HMS Sutherland's Merlin Flight home for Christmas
A team from Royal Naval Air Station Culdrose has arrived home from their six-month deployment to the Indian Ocean having supported the ongoing fight against piracy and people/drug trafficking. The sailors will now enjoy some well-earned shore leave, being home with their families just in time for Christmas.
HMS Sutherland, a Type 23 Frigate from HMNB Devonport, Plymouth has been the home for the past six months to the aircrew and engineers from a group of Royal Naval personnel from 829 Naval Air Squadron. The Merlin Helicopter flight sailed to the Indian Ocean and the Gulf to take part in the multi-national tasking in the region. Their mission was to assist in counter piracy operations as well as surveillance for counter drug, people and weapon trafficking.
The team from Culdrose, headed by Lieutenant Earl Kingston, has been heavily involved with patrolling thousands of miles of ocean in temperatures reaching over 40 deg C, ensuring the safe passage of vessels as they transit some of the busiest shipping lanes in the world.
It has been a very busy deployment for the Cornish-based personnel. With two Royal Marines embarked, the aircrew have scoured shorelines and open oceans for suspicious vessels, provided protection for boarding operations, conducted lifting of stores from replenishment ships and airlifted various compassionate cases into a variety of different countries for onward travel.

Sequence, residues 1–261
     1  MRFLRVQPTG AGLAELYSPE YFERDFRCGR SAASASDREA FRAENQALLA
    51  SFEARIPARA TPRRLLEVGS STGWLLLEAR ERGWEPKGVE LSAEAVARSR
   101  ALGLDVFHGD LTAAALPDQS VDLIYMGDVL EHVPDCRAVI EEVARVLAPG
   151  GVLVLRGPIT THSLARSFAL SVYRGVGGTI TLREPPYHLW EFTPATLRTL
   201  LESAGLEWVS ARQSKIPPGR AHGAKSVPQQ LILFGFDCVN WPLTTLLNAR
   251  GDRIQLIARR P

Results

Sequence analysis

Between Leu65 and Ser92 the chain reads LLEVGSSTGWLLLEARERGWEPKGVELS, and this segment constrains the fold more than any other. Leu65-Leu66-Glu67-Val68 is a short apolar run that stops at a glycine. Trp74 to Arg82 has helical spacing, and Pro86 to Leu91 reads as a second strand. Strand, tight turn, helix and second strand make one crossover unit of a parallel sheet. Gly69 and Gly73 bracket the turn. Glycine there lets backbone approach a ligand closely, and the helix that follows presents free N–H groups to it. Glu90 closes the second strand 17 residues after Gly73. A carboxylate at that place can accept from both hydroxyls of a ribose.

The flight’s engineers had had a particularly challenging time, having to maintain the aircraft in hangar temperatures of over 50 degrees and 90% humidity. Not only does the heat and humidity make it very difficult to work on a very hot aircraft, but the conditions present the team with challenges not normally experienced at the flight’s more temperate Cornish home.
Both Ship and Flight have conducted many port visits ranging from Dubai in the UAE to Tanzania in Africa, where they hosted visits by foreign dignitaries, local schools, and host nation forces. They have helped restore an orphanage, visited the lost city of Petra, been invited to watch the Abu Dhabi Grand Prix, and played various football matches with local teams. They also had a visit from King Neptune as the ship crossed the equator on her passage down to Tanzania.
The team have since handed over to another Culdrose-based ‘Flight’ onboard sister ship HMS Northumberland who are now performing operations in the Gulf for the next six months. Lt Kingston, the Flight Commander said: “After such a busy 6 months away, I was thrilled to see my wife waiting for me as we landed at Culdrose. It’s great to be home for Christmas.”